The optionization of techniques for mixing biocompatible polymers and dry crosslinking agents led to the development of a method for providing tissue augmentation having a reduced number of steps compared to the previously contemplated method. The present invention provides a method for preparing crosslinked biomaterial compositions comprising: providing a means for delivering a biocompatible polymer and a means for delivering a sterile, dry crosslinking agent; mixing the biocompatible polymer with the dry crosslinking agent to initiate crosslinking between the biocompatible polymer and the crosslinking agent; and delivering the biocompatible polymer and the crosslinking agent to a mold having the desired size and shape. The present invention also provides a method for effecting tissue augmentation that consists of a minimum number of steps and is therefore very "user friendly" to the physician. Said method comprises the steps of: providing a means for delivering a biocompatible polymer and a means for delivering a sterile, dry crosslinking agent; mixing the biocompatible polymer with the dry crosslinking agent to initiate crosslinking between the biocompatible polymer and the crosslinking agent; and delivering the biocompatible polymer and the crosslinking agent to the tissue site in need of augmentation.

Because the crosslinked biomaterial compositions prepared using the method of the invention are destined to be injected or otherwise implanted into a human body, it is necessary that the dry crosslinking agents be provided in a sterile form, and that they retain their sterility over long-term storage. We therefore developed several processes for preparing dry, sterile crosslinking agents contained within syringes.

One such process comprises dissolving a dry crosslinking agent in a fluid carrier to produce a crosslinker solution, sterile-filtering the crosslinker solution, dispensing the sterile crosslinker solution into a syringe, followed by lyophilizing the sterile crosslinker solution within the syringe under aseptic conditions. A similar process comprises dissolving a dry crosslinking agent in a fluid carrier to produce a crosslinker solution, dispensing the crosslinker solution into a syringe, lyophilizing the crosslinker solution within the syringe, then sterilizing the resulting dry crosslinking agent within the syringe using irradiation.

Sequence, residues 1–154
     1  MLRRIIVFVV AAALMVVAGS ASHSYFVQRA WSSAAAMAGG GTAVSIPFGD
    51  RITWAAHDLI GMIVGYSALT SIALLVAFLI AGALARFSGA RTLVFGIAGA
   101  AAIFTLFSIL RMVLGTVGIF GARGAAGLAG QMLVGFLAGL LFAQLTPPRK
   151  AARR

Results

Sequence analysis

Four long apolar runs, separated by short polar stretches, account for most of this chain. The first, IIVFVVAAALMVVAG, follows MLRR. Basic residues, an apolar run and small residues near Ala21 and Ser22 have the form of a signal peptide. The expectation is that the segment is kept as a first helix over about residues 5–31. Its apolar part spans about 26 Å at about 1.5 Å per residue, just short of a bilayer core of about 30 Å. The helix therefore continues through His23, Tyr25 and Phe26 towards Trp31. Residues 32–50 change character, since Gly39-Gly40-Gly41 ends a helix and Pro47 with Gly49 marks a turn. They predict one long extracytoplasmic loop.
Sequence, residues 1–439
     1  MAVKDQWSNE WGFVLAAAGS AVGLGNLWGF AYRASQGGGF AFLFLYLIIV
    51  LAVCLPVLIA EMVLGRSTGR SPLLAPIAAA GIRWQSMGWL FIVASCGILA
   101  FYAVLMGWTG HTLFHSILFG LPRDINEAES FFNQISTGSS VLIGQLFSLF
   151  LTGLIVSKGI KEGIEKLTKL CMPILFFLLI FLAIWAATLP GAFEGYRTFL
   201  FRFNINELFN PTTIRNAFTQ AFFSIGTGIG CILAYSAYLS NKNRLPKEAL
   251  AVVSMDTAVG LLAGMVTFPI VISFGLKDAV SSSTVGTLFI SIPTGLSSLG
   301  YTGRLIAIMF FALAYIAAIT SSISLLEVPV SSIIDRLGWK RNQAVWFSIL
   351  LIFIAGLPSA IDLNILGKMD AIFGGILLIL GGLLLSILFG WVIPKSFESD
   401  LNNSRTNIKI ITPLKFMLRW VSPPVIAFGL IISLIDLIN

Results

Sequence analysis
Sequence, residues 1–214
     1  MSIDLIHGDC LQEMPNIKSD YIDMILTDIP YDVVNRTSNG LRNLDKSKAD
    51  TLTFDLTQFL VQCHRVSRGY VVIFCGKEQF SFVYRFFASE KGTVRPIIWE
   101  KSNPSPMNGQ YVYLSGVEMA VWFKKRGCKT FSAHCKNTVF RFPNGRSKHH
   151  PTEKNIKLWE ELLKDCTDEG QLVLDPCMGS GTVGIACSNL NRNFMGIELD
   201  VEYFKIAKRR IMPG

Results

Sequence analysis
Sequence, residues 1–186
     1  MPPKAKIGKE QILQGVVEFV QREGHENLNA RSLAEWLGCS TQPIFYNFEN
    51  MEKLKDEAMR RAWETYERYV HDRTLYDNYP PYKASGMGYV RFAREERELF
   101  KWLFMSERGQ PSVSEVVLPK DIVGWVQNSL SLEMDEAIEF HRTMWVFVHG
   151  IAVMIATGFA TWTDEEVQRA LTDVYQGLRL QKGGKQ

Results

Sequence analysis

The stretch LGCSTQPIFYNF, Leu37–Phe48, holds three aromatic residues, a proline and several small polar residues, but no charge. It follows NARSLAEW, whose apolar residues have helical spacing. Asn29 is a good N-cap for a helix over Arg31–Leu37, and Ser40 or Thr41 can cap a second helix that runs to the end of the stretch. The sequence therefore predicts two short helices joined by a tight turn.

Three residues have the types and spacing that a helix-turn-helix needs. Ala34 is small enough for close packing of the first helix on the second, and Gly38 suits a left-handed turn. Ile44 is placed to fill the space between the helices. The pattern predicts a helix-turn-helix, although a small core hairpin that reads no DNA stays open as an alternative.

Yet another process involves dissolving a dry crosslinking agent in a nonaqueous carrier to produce a nonaqueous crosslinker solution, sterile-filtering the crosslinker solution, dispensing the sterile crosslinker solution into a syringe, and then drying the sterile crosslinking agent within the syringe by evaporation under aseptic conditions. A similar process comprises dissolving a dry crosslinking agent in a nonaqueous carrier to produce a nonaqueous crosslinker solution, dispensing the crosslinker solution into a syringe, drying the crosslinker solution within the syringe by evaporation, then sterilizing the dry crosslinking agent within the syringe by irradiation.

An alternative process comprises dispensing a dry crosslinking agent into a syringe, then sterilizing the dry crosslinking agent within the syringe using irradiation.

Sterile, dry crosslinking agents prepared as described above can be stored for long periods of time within a syringe (or other delivery means) while maintaining their activity (i.e., reactivity with biocompatible polymers) as well as their sterility.

We now disclose a detailed description of preferred embodiments of the present invention, including improved methods for preparing crosslinked biomaterial compositions and for effecting tissue augmentation using crosslinked biomaterial compositions, as well as methods for providing sterile, dry crosslinking agents contained within syringes.

BRIEF DESCRIPTION OF THE DRAWING

FIG. 1 shows the results of mechanical compression testing for crosslinked collagen-gels having a 35 mg/ml collagen concentration and a 5 mg/ml concentration of difunctionally activated SG-PEG (DSG-PEG) powder, which were prepared by mixing the collagen and dry DSG-PEG back and forth between two syringes, each having a barrel volume of 3 cc, for a total of 40 passes between the two syringes (3:3P40). The gels were allowed to cure for 6 hours at 37°C., then sectioned into 4-mm thick disks for mechanical testing. Samples were compressed to failure in the Insiron Universal Tester, Model 4202, at a constant rate of 2 millimeters per minute. Force (in Newtons) required to cause failure of the gel is graphed against position of the sample from the syringe tip.

DEFINITIONS